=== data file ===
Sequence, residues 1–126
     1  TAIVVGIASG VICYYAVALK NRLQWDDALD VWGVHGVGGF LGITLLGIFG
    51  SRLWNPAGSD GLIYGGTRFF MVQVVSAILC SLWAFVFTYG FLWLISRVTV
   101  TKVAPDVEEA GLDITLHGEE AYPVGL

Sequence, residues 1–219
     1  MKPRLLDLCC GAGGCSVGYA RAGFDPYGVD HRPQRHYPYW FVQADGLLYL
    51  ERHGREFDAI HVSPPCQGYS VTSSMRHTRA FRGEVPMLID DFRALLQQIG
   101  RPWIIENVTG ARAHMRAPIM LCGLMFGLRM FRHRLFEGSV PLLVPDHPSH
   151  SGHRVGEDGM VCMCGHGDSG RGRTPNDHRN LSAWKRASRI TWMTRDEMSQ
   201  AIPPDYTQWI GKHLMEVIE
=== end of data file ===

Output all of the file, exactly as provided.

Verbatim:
Sequence, residues 1–126
     1  TAIVVGIASG VICYYAVALK NRLQWDDALD VWGVHGVGGF LGITLLGIFG
    51  SRLWNPAGSD GLIYGGTRFF MVQVVSAILC SLWAFVFTYG FLWLISRVTV
   101  TKVAPDVEEA GLDITLHGEE AYPVGL

Sequence, residues 1–219
     1  MKPRLLDLCC GAGGCSVGYA RAGFDPYGVD HRPQRHYPYW FVQADGLLYL
    51  ERHGREFDAI HVSPPCQGYS VTSSMRHTRA FRGEVPMLID DFRALLQQIG
   101  RPWIIENVTG ARAHMRAPIM LCGLMFGLRM FRHRLFEGSV PLLVPDHPSH
   151  SGHRVGEDGM VCMCGHGDSG RGRTPNDHRN LSAWKRASRI TWMTRDEMSQ
   201  AIPPDYTQWI GKHLMEVIE